From Turin to Washington. From the Royal Library to the National Air and Space Museum, the U.S. “shrine” to aeronautics, space, and aviation history. The Codex of the Flight of Birds, Leonardo da Vinci’s masterpiece and one of Italy’s greatest natural treasures rarely seen outside its borders, has touched down once again in the States. After a long absence, the historic Renaissance document that pioneered the path toward artificial flight is on display in surroundings that could hardly be more ideal. Made possible under the banner of the Year of Italian Culture in the USA, the Italian Ministry of Foreign Affairs initiative to promote past and present excellence, this exhibition of the world’s most famous notebook reveals also the ideal symbiosis of art and genius 18 pages of sketches and notes on mechanical flight and bird flight and behavior dating between 1505 and 1507 in Leonardo’s famous “mirror writing”. Officially unveiled at the Smithsonian National Air and Space museum this past September 12th, the Codex has joined Michelangelo’s David Apollo at the National Gallery of Art, the Boxer at Rest at the Metropolitan in New York, and the Madonna di Senigallia by Piero della Francesca at the Boston Museum of Fine Arts, one of the most highly anticipated and acclaimed exhibits in the USA in 2013. In announcing the exhibition, the Museum’s Director, Gen. J.R. “Jack” Dailey, spoke of the great privilege of hosting the Codex, and on opening day, before a standing room only crowd of VIPs, he went on to say that “This extraordinary exhibit allows us to again revisit the history of flight through the discoveries of a genius that transcend time, from the 16th century to present day icons of aeronautics and space exploration”. It is a perhaps once in a lifetime opportunity for the many visitors, Americans and foreign alike, 8 million persons in 2012 alone, making it the most visited museum in the United States and the third most visited in the world. Italy’s Ambassador to the United States, Claudio Bisogniero, himself a great fan of flying and airplanes was among the first to enthusiastically welcome the exhibition, “Leonardo is the standard bearer of the great scientific and technological legacy Italy has left to the world”. “His Codex – he continued – is perhaps the most effective testament of the bond between technology and art”. His words summarize the shared relationship of creativity, art, and innovation, which is also the guiding thread leading of all the cultural festivities of 2013, lending even greater significance to the exhibition. “Bringing Leonardo da Vinci’s Codex to Washington in 2013, as we celebrate the Year of Italian Culture and 50 years of collaboration in space between Italy and America, means hosting a dialogue between the Renaissance and modernity, tradition and innovation”, added Ambassador Bisogniero. It was a pondered decision to have the earliest pioneer of flight in history, Leonardo, return to the USA at a time when space exploration is very much at center stage and orbital space tourism is set to resume and expand. “This initiative – the Ambassador explains to Benvenuta Italia – was also intended to draw attention to the contributions our country continues to make in the sector: in fact, one of our scientists, astronaut Luca Parmitano, is currently on mission at the International Space Station, and many of ISS components, the pressurized modules, for example, were designed, developed, and produced in our country”. In his welcome address at the National Air and Space Museum the Ambassador also applauded the United States, not only for its celebration of Leonardo’s genius but for its materialization of his great legacy into milestone achievements, which have confirmed its position as the longstanding world leader in technological innovation. To underline the point, he wore a Google Glass while making his remarks, the super high tech “wearable computer” and an ideal contemporary testament to the vision of progress conveyed by Leonardo’s life and work. As he noted, “With inspiration from Leonardo we are finding new ways to speak with the public and to make Italian culture better known, using the most advanced and innovative instruments at our disposal in all sectors”. One clear example is the direct hook up established between the International Space Station and the National Air and Space Museum. On the opening day of the exhibit, the audience was treated to a message from Luca Parmitano, as he floated in space with the banner of the Year of Italian Culture in the background, reminding of the excellences of the Bel Paese and its role in high tech sectors and how the Ministry of Foreign Affairs initiative is intended to bring them into the spotlight. In the United States and in the world.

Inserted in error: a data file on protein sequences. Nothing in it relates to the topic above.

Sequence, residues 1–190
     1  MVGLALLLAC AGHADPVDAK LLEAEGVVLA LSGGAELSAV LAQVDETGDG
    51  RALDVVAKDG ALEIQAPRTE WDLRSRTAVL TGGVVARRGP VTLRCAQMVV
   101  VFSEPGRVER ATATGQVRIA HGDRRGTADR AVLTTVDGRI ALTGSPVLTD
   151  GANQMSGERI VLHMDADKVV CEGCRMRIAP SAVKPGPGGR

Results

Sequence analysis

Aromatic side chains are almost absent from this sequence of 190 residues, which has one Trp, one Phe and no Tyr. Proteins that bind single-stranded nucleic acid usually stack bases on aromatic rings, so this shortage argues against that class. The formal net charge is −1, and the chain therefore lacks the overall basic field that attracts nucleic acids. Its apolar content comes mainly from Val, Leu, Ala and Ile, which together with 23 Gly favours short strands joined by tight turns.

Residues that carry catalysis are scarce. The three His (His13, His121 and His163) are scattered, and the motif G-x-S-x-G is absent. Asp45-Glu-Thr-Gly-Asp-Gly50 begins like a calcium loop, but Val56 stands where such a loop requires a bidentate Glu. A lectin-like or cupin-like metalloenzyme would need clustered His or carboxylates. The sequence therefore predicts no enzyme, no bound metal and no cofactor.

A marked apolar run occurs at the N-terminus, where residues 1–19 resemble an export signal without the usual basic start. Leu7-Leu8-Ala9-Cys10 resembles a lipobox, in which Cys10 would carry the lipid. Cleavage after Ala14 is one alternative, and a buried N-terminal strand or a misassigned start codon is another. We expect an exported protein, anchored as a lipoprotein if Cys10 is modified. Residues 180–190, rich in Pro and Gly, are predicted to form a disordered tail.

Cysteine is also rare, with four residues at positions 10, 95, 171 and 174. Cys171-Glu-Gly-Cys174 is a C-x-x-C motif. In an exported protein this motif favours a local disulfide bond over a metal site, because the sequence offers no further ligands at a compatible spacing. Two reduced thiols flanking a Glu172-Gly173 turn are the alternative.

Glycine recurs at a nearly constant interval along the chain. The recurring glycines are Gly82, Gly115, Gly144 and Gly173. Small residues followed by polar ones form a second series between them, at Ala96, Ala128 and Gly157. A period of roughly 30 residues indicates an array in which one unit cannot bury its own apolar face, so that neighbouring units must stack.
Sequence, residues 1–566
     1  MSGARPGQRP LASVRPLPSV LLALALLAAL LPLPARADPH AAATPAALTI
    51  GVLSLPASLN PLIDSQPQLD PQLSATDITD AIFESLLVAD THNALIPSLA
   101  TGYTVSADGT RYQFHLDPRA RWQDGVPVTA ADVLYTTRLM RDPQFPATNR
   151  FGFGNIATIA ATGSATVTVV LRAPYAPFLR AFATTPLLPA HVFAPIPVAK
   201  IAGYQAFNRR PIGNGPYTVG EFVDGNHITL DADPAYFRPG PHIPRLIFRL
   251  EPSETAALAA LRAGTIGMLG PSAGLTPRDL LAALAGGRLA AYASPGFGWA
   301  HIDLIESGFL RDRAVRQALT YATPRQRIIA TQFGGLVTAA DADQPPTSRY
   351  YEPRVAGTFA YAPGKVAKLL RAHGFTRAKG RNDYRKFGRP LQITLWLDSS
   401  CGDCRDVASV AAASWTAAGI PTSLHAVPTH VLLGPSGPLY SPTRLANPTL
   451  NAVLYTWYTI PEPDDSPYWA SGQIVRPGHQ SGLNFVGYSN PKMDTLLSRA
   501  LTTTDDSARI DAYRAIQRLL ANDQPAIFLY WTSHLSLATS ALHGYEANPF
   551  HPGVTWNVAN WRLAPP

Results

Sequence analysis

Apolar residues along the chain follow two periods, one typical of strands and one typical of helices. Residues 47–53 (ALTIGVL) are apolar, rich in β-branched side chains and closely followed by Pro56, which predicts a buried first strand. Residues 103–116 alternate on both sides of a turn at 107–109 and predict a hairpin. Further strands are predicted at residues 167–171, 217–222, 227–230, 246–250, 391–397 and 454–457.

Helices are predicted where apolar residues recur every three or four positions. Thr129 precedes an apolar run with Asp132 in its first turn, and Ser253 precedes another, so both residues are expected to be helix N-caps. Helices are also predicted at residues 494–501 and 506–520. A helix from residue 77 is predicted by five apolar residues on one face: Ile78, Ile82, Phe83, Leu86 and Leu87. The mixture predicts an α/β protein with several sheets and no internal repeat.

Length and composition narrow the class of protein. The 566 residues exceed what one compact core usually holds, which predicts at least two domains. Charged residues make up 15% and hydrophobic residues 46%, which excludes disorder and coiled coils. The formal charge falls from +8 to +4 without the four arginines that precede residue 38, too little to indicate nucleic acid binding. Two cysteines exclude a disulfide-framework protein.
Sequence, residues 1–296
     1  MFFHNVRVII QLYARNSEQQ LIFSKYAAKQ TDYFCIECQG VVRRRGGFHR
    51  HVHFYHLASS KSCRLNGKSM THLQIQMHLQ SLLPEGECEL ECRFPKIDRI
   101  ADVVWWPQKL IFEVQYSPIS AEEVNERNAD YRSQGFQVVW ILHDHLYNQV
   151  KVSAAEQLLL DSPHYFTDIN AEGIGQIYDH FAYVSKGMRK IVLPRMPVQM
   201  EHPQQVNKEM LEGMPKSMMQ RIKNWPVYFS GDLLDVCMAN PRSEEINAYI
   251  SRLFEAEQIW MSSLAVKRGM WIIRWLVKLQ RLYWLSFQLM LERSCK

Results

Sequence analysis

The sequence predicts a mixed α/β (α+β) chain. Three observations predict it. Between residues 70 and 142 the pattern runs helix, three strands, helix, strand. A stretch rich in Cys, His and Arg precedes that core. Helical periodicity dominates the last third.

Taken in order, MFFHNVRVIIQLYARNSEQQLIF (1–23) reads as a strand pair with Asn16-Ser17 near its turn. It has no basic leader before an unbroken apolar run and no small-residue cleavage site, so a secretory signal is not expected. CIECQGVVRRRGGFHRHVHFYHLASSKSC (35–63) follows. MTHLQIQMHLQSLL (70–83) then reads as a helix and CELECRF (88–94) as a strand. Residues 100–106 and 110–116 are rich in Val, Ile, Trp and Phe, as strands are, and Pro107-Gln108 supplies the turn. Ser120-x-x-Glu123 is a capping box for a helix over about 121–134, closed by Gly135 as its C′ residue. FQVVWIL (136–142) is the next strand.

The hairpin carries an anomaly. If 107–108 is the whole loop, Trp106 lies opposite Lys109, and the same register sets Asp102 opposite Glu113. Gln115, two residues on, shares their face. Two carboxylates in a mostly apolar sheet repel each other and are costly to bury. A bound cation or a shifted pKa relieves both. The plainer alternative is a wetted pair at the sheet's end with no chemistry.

Through October 22nd, the Codex, a small, very fragile document, will be on exhibit in a specially designed secure case in The Wright Brothers & The Invention of the Aerial Age gallery, a permanent exhibition whose centerpiece is Orville and Wilbur Wright’s 1903 Flyer, the world’s first successful powered aircraft. For forty days, two spectacular works, the Codex and the Wright Flyer will share the same space, “communicating” across the centuries for the first time ever. It is this juxtaposition of past and present and the leitmotif of the installation that highlights how Leonardo’s early studies have influenced, and in certain cases even conditioned, innovation in the field of aeronautics, even today. Peter Jakab, chief curator of the Museum and the exhibition notes, “Although he lived 5 centuries ago, Leonardo already had a clear vision of what the modern world would be like”. Suspended in the vast atrium at the entrance to the gallery, is a full scale model of Leonardo’s design for an ornithopter – a human powered flapping wing aircraft – as it appears in the Codex. It is likely the oldest attempt to design a heavier-than-air flying machine powered by a complex mechanism that reproduced the flight of birds. The model, based directly on Leonardo’s design, was built by the Opera Laboratori Fiorentini and loaned by Finmeccanica to the museum in Washington specifically for the exhibition. The installation includes a series of interactive stations where visitors can virtually leaf through the 18 pages of the Codex and see how the seeds of the ideas that would lead to motorized flight were germinating in Leonardo’s vision centuries before the invention of aircraft. Da Vinci’s genius and his vision, together with the incredible history of the Codex itself (stolen numerous times before being definitively returned to Italy in 1983) are also the subjects of Il Volo di Leonardo, a video produced specifically for the event by RAI journalist Silvia Ros-Brusin – RAI is Italy’s public television network and media partner of the Year of Italian Culture in the USA. The exhibition, organized by the National Air and Space Museum, the Italian Ministry of Foreign Affairs, the Ministry of Cultural Properties and Activities, and the Embassy of Italy in Washington, was made possible by loan of the property from the Royal Library of Turin. The Director of the Turin museum, Giovanni Saccani, is rightfully proud of the loan’s approval, a major accomplishment at a time of extensive debate on the risks involved in transporting artifacts of such value. “The Smithsonian has provided all the guarantees requested to ensure that the Codex remain in the best possible conditions”. He has good reason to be proud. Leonardo’s Codex of the Flight of Birds is happily ensconced in the only museum in the world where everything evokes the astronomical legacy his work represents for subsequent generations.